SummaryIn this round of Q&A’s from homeschool families, Dr Mary Kay Clark responds to book analyses, college attendance advice, scheduling activities and more.
My young children have messy printing and handwriting.
Some children develop their printing and handwriting skills rather slowly. Keep your children practicing by writing short one- or two-sentence prayers. Incentivize regular handwriting drills with a small reward for neat and legible (or at least improved) handwriting.
If fine motor skills are a problem, encourage activities that require finger dexterity. Encourage them by having them write thank you notes or invitations, or even simple notes to tell relatives about an event. They can even draw pictures to go with the notes.
This will help your children with writing and have the added benefit of greatly pleasing grandparents, other relatives, and friends.
You may be interested in the Early Literacy for Young Catholics Pre-K Activity Book to help little ones develop their printing and handwriting skills.
Available from our book store, it is full of fun projects that will help your preschooler develop the small muscles of the hand which they need for handwriting.
It will also help you teach necessary skills like the tripod grasp, the correct way to hold a pencil or crayon for the smoothest use.
We are struggling financially, and need some help, not only for tuition, but for supplemental materials as well.
Are there any retired teachers in your parish? They usually have loads of extra materials and would be delighted to give them to some children who could use them.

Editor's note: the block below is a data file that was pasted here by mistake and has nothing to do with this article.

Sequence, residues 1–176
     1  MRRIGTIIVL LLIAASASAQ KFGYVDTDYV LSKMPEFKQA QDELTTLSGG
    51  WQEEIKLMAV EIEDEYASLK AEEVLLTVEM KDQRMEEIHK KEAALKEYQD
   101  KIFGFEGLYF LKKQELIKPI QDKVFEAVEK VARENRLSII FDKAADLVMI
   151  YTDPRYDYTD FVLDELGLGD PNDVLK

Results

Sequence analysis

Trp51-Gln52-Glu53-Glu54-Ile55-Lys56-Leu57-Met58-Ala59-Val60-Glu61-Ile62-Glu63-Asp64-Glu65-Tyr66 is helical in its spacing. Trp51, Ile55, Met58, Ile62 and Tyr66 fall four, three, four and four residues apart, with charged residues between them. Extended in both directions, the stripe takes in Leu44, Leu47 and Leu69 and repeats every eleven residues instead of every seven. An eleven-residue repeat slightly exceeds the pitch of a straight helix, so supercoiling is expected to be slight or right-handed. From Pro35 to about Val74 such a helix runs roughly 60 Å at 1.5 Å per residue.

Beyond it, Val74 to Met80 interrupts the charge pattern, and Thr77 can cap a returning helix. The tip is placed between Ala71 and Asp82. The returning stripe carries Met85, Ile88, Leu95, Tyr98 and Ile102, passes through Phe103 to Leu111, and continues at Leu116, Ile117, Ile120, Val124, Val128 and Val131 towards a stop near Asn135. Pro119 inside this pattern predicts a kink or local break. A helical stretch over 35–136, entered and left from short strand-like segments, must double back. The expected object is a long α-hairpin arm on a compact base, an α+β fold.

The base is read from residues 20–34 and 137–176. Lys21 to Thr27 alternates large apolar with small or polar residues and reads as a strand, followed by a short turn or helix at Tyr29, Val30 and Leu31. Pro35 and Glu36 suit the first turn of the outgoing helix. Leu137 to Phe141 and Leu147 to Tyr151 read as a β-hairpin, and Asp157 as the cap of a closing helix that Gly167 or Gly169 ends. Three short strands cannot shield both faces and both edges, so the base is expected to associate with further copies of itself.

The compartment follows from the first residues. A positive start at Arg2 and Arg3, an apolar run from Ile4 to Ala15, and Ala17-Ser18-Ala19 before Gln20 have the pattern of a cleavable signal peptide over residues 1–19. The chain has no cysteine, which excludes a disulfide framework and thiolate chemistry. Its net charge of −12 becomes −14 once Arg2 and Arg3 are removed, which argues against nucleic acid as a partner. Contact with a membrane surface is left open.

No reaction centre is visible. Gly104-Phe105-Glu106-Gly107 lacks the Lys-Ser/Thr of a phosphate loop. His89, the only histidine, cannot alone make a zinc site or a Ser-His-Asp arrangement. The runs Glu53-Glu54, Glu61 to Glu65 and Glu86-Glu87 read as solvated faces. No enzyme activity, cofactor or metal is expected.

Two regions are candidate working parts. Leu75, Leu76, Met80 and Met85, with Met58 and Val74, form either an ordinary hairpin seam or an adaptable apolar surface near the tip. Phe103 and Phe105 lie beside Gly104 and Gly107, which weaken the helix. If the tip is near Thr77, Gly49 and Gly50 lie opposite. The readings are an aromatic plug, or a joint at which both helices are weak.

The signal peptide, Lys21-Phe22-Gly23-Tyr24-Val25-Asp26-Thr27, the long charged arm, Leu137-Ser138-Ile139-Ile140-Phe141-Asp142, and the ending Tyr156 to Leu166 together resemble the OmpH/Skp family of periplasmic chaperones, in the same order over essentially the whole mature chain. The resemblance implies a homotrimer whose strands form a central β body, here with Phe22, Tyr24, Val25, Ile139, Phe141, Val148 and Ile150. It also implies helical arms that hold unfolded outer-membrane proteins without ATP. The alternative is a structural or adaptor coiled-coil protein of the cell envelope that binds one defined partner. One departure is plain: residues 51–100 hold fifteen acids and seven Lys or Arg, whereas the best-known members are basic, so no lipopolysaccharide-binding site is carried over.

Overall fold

Many libraries have an abundance of donated books, and they also tend to have huge book sales, where you might be able to find good resources very cheaply!
Check with your local homeschool support group for parents who are no longer homeschooling, and who might be willing to donate their new and used materials.
Do boys learn differently than girls?
Most parents and teachers would say “All the time!” However, in reality, it is not actually all the time, but it does seem to happen frequently.
In some subjects, it might be wise to have fathers teach their sons because they share the same strengths in ways of learning as well as interests in certain subject areas.
However, don’t assume your daughters don’t have the same interests as your husband.
Families with several boys or several girls know that all boys and all girls are not alike. Four girls in a family may have four very different personalities and four different learning styles.
Even if it is true that on the average a boy learns better this way, and a girl learns better that way, remember that you are not teaching the average. You are teaching particular children with particular needs and interests.
The beauty of homeschooling is that you can accommodate the interests, the needs, and the abilities of each student.
As you and your husband work together with the children, you will quickly learn their individual interests and strengths.
How much help may I give my 9th grader for her book analysis assignments?
Review with her all the information in the Lesson Plan, and show her the resources available on our website to help her with her assignment. You can offer her clear but general instructions or comments, such as “I don’t think you are expressing your idea clearly enough,” or “You need more examples.”
What you should not do is generate any of her content. Help her to think about the ideas she wants to express, help her to be clear, help her to understand that some examples are good but others do not work.
Make sure that you’re helping your daughter to think about what she has read. Though the book analyses help students to appreciate good literature and recognize great writing, their main purpose is to develop critical analysis skills that can be applied in all subjects and in personal situations throughout a lifetime.